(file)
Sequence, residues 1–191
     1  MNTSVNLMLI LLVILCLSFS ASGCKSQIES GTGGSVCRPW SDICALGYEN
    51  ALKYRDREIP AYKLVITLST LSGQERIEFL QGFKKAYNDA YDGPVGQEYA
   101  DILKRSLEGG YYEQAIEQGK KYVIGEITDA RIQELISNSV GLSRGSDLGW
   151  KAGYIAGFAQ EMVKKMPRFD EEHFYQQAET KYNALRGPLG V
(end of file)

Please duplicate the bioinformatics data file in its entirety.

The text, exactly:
Sequence, residues 1–191
     1  MNTSVNLMLI LLVILCLSFS ASGCKSQIES GTGGSVCRPW SDICALGYEN
    51  ALKYRDREIP AYKLVITLST LSGQERIEFL QGFKKAYNDA YDGPVGQEYA
   101  DILKRSLEGG YYEQAIEQGK KYVIGEITDA RIQELISNSV GLSRGSDLGW
   151  KAGYIAGFAQ EMVKKMPRFD EEHFYQQAET KYNALRGPLG V